The recent news that Rooney Mara and her husband Joacquin Phoenix were calling their new son River had me feeling nostalgic for the original, the first River Phoenix.
The first River Phoenix was my generation's go-to actor. A Brando-level dedication to his craft in a Zac Efron-level package of unbelievable beauty, a stand-out in outstanding films like Stand by Me (1986), Running on Empty (1988) and My Own Private Idaho (1991), River Phoenix had a long and prosperous career ahead of him, cut short at his own hand by overdosing on drugs outside Johnny Depp's nightclub on Sunset Boulevard in 1993.
His choice of roles, in worthy but actually watchable films, helped my generation define how it saw itself. Generation X, so tagged by Douglas Copeland in his novel of the same name, came of age in the 1980s and early 90s.
Phoenix's character Danny Pope in the Sidney Lumet film Running on Empty establishes the position many Gen X-ers would see themselves owning. The child of 60s hippie activists (played by Christine Lahti and Judd Hirsch) whose political actions led to a death at a campus rally, Danny's childhood was spent on the run with his parents, and any chance at a normal life would come at their expense.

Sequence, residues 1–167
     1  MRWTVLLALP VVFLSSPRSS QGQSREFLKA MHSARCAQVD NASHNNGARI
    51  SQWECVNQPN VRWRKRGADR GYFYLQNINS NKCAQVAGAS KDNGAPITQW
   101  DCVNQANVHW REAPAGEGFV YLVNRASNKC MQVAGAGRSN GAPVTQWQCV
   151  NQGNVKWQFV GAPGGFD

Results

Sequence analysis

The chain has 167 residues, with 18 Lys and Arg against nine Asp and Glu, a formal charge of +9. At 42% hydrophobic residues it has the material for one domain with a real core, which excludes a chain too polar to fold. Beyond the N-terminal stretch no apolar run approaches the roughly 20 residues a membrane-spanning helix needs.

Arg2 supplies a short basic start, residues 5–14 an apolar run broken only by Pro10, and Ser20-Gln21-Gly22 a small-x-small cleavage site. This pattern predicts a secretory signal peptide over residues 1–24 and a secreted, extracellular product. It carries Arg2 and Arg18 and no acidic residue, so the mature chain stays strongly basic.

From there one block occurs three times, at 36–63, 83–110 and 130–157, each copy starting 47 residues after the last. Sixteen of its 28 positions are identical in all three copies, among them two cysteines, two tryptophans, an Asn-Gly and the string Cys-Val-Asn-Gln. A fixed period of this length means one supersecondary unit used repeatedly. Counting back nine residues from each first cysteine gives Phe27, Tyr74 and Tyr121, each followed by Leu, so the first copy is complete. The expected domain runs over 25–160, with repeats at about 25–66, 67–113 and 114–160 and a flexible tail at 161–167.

Today, Gen X-ers find themselves sandwiched between two sets of generations that take up so much oxygen, bringing up their Millennial and Centennial children and caring for their ageing Boomer parents, too busy paying their mortgages to be making an impact on popular culture.
Gen X-ers suffer from an excess of empathy, probably as a rebellion to our grandparents' collective self-diagnosis as 'the greatest generation", and taking on the burden of repairing our Boomer parents' planetary consumption.
You see the beginnings of this sense of rebellious identity in John Hughes' The Breakfast Club (1985), with archetypal Gen-X teenage characters emerging, to be repeated across hundreds of films for the coming decade.
The rebellious youth that looked so shiny on a young Judd Nelson, mirrored in films like The Lost Boys (1987) and Pump Up The Volume (1990), loses its patina in middle age.
Take Gen X icon Johnny Depp who embodied misunderstood weirdo on screen, most notably as Tim Burton's muse in a range of films like Edward Scissorhands (1990).
Off screen, his square-jawed smeared-eyeliner leather-wrist-strap schtick, with a Kate Moss or a Winona Ryder by his side, filled hundreds of thousands of magazine pages, aspiration porn to Gen X men. By 2020, however, the rebellious rocker act doesn't play well when you're engaged in lawsuits with your ex wife about who-pooed-in-whose-bed and your movie studio bosses allegedly asking you to kindly step down from your well-paying role to save them from further embarrassment.
Depp's one-time paramour Winona Ryder has also felt the unwanted glare of attention. Cancelled years before getting cancelled was a thing, Ryder in real-life was like Molly Ringwald's Clare from The Breakfast Club, rebelling from her own good luck and entitlement.